UBS GWM says AI-driven rally ‘not a one-way street,’ but tech revenue should grow

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Investors’ AI enthusiasm has helped push technology stocks in the U.S. and abroad to new highs this year. The iShares MSCI AC World Information Technology Index, which tracks large- and mid-cap tech stocks in dozens of developed and developing markets, has risen more than 20% over the past 12 months. And locally, the vaunted Invesco QQQ Trust Series 1 ETF, which tracks large-cap U.S. tech stocks, is up nearly 40 percent over the same period.

The run of good form has been so dramatic that even a modest bump last week has Wall Street talking. A drop of just 1% in US tech stocks and a 2.1% drop in semiconductor shares led Solita Marcelli, Americas chief investment officer at UBS Global Wealth Management, to remind investors that corrections are natural. – the alleyway.”

The veteran market watcher noted that stronger-than-expected labor market data was weighing on tech shares after rising geopolitical tensions and changing forecasts of US interest rate cuts. Still, Marcelli said tech’s (very) recent underperformance hasn’t changed his positive view of AI-related stocks.

“With strong AI fundamentals, our expectations of 18% year-over-year earnings growth for global tech in 2024, and a 12-month forward price-to-earnings ratio of around 27x, we remain positive on global tech and companies. . Especially the AI ​​value chain,” he wrote in a note on Monday.

Evidence of higher demand, more products, and growing adoption

Marcelli cited three main reasons for his optimism on AI stocks: more “revolutionary” AI products to be launched soon, evidence of increased AI adoption, and broadening demand trends.

Ever since OpenAI released its chatbot ChatGPT to the world in November 2022, the tech sector has been racing to release new AI products. Generative AI has enabled the rise of text-to-video platforms like OpenAI’s Sora and text-to-music platforms like StabilityAI’s Audio 2.0, but AI is also being used in healthcare. to discover world-changing and potentially profitable new drugs, and has numerous new software engineering applications. Marcelli said the pace of innovation is so strong that she expects “more significant innovations like this in the next few quarters.”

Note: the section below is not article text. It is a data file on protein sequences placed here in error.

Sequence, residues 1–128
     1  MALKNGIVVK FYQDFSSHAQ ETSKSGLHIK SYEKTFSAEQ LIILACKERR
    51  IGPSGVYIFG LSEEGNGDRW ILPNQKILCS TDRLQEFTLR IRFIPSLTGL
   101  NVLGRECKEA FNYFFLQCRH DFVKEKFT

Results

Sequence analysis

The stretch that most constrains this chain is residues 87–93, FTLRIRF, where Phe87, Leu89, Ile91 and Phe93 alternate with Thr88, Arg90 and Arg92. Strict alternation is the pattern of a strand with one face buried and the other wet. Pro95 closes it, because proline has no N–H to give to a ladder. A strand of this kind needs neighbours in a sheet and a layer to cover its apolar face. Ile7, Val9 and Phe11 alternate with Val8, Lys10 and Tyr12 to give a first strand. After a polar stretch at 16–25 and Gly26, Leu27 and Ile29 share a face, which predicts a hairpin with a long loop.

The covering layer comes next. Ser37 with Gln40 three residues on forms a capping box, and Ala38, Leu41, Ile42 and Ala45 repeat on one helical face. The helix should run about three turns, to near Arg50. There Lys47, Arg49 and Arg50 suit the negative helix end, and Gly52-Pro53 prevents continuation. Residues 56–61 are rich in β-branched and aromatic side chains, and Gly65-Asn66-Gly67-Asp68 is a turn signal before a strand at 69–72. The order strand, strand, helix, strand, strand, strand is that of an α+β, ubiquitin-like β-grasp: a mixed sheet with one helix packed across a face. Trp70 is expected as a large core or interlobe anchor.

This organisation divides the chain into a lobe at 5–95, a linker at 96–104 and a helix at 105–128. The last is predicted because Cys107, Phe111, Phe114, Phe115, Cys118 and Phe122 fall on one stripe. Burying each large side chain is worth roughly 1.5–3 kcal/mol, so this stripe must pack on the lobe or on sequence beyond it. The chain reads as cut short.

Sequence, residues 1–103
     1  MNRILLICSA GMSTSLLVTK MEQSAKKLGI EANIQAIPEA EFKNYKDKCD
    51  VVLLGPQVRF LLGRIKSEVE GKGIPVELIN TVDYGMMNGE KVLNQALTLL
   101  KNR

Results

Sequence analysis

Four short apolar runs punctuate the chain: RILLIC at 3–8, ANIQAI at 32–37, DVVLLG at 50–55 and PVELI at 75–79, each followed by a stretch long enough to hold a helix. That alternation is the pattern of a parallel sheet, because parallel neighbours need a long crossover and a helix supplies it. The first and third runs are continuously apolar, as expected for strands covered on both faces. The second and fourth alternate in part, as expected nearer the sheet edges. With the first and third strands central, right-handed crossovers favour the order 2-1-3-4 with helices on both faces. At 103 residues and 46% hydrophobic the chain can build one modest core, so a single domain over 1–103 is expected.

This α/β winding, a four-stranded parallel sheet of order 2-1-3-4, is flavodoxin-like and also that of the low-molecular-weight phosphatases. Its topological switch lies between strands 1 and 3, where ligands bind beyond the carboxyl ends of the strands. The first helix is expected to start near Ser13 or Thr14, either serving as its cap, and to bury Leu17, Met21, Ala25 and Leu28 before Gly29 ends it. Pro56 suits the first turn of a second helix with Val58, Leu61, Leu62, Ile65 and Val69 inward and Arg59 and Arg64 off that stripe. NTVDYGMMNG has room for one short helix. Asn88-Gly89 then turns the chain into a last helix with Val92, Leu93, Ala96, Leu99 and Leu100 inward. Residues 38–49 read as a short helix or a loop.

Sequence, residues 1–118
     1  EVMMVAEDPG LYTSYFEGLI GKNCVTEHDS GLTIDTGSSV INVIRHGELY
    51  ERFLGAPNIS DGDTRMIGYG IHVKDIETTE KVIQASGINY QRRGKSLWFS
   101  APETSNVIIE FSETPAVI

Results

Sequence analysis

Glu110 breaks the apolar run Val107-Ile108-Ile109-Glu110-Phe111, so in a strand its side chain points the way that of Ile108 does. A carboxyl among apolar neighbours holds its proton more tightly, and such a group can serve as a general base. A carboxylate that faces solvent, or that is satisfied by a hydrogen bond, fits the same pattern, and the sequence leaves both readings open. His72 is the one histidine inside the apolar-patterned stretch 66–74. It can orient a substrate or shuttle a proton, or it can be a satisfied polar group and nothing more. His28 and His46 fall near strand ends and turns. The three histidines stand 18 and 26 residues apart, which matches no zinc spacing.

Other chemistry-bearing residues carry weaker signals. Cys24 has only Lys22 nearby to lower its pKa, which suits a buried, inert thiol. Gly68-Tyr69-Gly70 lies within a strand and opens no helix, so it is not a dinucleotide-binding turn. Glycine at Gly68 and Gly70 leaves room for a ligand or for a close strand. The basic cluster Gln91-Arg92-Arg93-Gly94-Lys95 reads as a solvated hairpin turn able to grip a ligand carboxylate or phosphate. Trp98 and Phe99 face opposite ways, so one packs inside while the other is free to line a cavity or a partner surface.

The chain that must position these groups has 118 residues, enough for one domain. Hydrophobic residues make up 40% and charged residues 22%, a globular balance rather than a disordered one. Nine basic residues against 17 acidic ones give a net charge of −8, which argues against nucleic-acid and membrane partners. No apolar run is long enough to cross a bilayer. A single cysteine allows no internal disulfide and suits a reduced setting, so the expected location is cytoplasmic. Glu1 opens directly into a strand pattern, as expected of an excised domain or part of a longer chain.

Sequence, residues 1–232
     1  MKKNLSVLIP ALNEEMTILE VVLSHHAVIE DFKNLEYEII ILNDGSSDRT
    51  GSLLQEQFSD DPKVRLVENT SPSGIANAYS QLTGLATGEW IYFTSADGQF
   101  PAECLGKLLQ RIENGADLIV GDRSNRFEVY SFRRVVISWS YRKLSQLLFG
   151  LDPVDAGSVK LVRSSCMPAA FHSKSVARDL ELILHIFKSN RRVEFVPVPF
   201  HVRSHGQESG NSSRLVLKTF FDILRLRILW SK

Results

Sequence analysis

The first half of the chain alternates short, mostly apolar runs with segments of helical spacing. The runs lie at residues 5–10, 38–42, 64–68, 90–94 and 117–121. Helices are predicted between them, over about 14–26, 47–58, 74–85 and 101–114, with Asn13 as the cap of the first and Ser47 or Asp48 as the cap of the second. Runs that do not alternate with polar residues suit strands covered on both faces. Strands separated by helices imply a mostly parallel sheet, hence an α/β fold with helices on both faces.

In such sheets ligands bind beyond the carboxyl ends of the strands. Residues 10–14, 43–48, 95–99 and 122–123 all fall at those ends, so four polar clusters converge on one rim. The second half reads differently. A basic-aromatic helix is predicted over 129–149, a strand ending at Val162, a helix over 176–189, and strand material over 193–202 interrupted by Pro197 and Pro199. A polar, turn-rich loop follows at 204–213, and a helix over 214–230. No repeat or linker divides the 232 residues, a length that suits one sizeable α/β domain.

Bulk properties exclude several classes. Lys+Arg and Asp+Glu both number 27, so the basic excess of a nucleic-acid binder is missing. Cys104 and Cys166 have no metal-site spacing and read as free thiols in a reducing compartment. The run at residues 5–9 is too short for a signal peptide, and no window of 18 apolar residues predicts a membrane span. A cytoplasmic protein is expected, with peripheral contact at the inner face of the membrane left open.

The potential for new AI products will help drive demand for the technology. After being led by most big tech users last year, Marcelli said there are now “clear signs of AI demand becoming more mainstream.” It highlighted sovereigns including Sweden, Singapore, Sweden, Japan, Korea, and more as key sources of growing demand.

Erika Klauer, technology equity portfolio manager at Jennison Associates, an investment management firm with $194 billion in assets under management, echoed similar sentiments. He explained first. good fortune That governments around the world essentially want “their own version of ChatGPT, with their own language training… their own archives, their own cultural nuances,” and that means AI companies can take advantage of that. Many new expenses for

To his point, Larry Ellison, Oracle’s billionaire chairman and chief technology officer, revealed that his company is in talks with several countries and sovereign territories to run government applications on the cloud, including AI. “Almost every government wants an autonomous cloud,” Ellison said on a recent earnings call.

As for evidence of AI adoption, UBS’ Marcelli points to recent surveys that show a growing percentage of companies using AI. While only 5.4% of US companies were using AI as of the first quarter, according to the US Census Bureau’s Business Trends and Outlook Survey, this is still well above the 3.7% figure for the third quarter of 2023. And Marseille predicts this share will grow to 6.6%-12% over the next six months.

He also noted that the rate of adoption of AI in the technology sector is very high. In the Census Bureau’s information sector (NAICS 51), for example, 18% of companies said they used AI to develop goods or services in the first quarter. “We remain positive on the broader AI theme,” Marcelli concluded.

Biggest risk: A hawkish fade

While AI-related companies still have some tailwinds, there is a bigger threat on the horizon. A few months ago, investors believed the Federal Reserve would cut interest rates this summer. The prospect of lower borrowing costs has helped the stock market outperform this year, but several reports of expected inflation and some surprisingly strong labor market data recently have experts worried. It has been suggested that the Fed will not cut rates anytime soon. As Treasury Partners Chief Investment Officer Richard Saperstein said good fortune: “With low unemployment, economic strength, and inflation above the Fed’s 2% target, it’s unlikely we’ll see a rate cut before July.”

If that happens, tech stocks, which are seen as high-risk assets and thus typically face pressure when rates rise, could suffer a pullback. And Saperstein warned that “with stock prices near record highs, earnings are burdened for further increases in stock prices.”

“Given the high market multiples and rising bond yields, we remain cautious on the stock until the earnings season provides clear evidence of earnings growth,” he added.

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